During the 2018 eruption at Kilauea, scientists noticed that the lava flowed very differently depending on how bubbly it was. In this experiment, researchers used corn syrup as a lava analogue and studied how bubbly and particle-filled bubbly flows differed from bubble-free ones. They found that bubble-free syrup flowed fastest, while particle-filled bubbly flows were by far the slowest.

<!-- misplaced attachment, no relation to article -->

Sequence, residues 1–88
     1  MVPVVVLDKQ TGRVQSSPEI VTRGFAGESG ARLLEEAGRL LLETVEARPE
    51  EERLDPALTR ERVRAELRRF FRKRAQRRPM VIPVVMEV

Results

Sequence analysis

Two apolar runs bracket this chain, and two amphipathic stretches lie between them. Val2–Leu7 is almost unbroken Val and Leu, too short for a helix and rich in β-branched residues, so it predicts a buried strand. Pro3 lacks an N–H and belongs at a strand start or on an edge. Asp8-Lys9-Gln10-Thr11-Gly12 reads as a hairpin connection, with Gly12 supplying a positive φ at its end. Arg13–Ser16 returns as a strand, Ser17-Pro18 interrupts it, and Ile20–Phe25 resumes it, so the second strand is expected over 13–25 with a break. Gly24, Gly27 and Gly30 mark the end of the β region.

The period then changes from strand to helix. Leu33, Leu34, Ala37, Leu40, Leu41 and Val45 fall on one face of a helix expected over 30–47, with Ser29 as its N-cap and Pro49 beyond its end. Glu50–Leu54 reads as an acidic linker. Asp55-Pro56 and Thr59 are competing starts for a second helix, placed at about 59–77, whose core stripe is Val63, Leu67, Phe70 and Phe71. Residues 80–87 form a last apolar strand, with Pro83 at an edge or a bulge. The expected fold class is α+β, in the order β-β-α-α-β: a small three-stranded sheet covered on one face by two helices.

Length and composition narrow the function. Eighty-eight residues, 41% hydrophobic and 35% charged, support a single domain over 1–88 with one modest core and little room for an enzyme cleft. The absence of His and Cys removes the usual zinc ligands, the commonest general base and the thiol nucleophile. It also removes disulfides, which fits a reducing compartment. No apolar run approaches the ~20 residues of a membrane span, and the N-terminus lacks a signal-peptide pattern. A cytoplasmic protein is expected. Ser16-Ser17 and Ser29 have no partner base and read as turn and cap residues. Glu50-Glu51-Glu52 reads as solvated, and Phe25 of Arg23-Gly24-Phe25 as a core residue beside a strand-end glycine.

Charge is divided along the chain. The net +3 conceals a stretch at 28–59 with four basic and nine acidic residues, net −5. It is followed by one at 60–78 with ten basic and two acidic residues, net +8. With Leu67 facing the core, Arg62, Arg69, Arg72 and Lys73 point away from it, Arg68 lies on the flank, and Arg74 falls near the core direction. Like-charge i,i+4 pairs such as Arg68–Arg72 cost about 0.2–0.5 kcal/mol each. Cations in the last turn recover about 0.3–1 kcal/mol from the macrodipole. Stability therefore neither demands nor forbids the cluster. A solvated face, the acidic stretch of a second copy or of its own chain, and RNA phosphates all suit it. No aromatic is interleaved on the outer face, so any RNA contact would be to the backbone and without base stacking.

The bubbles also affected the structure of the flows. Large bubbles gathered near the surface of the flow’s leading edge, allowing faster flow beneath. And in the particle-filled flow, the corn syrup developed channels that flowed at different speeds. The authors hope that their relatively simple experimental set-up will inspire more research on bubbly lava flows. (Image and research credit: A. Namiki et al.; via AGU Eos; submitted by Kam-Yung Soh)